Sometimes files live on my desk for so long that they fade round the edges, gathering a patina of age. One such file concerns Visa. Those with very long memories may recall that, last October, I recounted the story of Jayesh Patel, who runs Classic News in Northampton. He had been cold-called by two scruffy-looking blokes who tried to sew up a deal whereby Jayesh became an agent offering pre-paid Visa and MasterCards. No hassles, no credit checks and fifty quid to Jayesh for every one sold. He said no.

Earlier this year I added Ashok Patel, from Hackney in East London, into the mix. He too was cold-called by salesmen touting pre-pay Visa and MasterCards. The deal was the same, with the cards retailing at £199, the retailer getting £50 and the rest going to the salesmen (who also wanted a £1,000 bond). The contract was for five years. He also said no.

After reporting on this, I got an email from Tom Shea, managing director of TRS Trading who said that after seeing the article about pre-pay credit cards he stumbled across a website – www.everything-financial.co.uk – which spelled it all out. I visited the site and there it all was: pre-paid Visa or MasterCard no matter what your circumstances or credit rating. Fee reduced to £129 due to the service receiving over 8,000 applicants in the first six months of this year.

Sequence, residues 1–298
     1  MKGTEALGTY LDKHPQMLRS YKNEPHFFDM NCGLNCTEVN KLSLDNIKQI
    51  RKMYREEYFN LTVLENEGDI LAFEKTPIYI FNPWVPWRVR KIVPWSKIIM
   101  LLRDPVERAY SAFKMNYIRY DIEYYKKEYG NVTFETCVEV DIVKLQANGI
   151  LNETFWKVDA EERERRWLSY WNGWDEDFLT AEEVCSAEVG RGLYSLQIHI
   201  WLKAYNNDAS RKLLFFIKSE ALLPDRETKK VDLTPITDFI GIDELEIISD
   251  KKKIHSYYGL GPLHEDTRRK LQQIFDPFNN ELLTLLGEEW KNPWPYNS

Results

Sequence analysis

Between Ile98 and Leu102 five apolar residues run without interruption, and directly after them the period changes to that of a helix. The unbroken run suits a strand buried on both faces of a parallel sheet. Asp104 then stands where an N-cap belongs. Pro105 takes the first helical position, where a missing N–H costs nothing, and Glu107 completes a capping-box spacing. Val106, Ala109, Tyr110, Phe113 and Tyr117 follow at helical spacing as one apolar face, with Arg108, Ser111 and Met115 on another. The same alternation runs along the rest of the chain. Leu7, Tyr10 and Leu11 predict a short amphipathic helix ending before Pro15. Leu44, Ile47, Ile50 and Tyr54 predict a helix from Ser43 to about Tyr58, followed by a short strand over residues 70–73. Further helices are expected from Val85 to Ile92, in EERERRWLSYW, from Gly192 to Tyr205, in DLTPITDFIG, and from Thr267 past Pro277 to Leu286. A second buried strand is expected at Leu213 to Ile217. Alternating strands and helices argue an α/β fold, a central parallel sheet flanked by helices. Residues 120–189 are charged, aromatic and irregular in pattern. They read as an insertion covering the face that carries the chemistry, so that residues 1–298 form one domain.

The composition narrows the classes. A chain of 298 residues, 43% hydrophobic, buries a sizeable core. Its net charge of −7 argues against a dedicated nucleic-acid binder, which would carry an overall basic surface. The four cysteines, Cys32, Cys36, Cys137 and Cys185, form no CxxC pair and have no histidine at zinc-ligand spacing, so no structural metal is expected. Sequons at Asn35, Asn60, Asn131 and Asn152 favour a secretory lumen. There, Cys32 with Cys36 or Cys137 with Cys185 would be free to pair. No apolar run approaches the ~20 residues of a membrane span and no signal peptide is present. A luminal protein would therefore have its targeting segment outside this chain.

On numerous occasions I have spoken to Visa’s customer services department, to Visa’s fraud department, to Visa’s public affairs department. Each time I explain it all, I email details, I ask the pertinent questions (ie, is this a scam? Does it have Visa’s blessing?) Each time they listen hard and they go, um, that sounds dodgy – we’ll look into it and get back to you. But they never do.

So now I give up. Life is too short, and hanging on the phone to Visa is a short-cut to suicide.

To sum up: I don’t care who they say they are – if they come into your shop offering to make you squillions as a Visa/MasterCard agent, say no.

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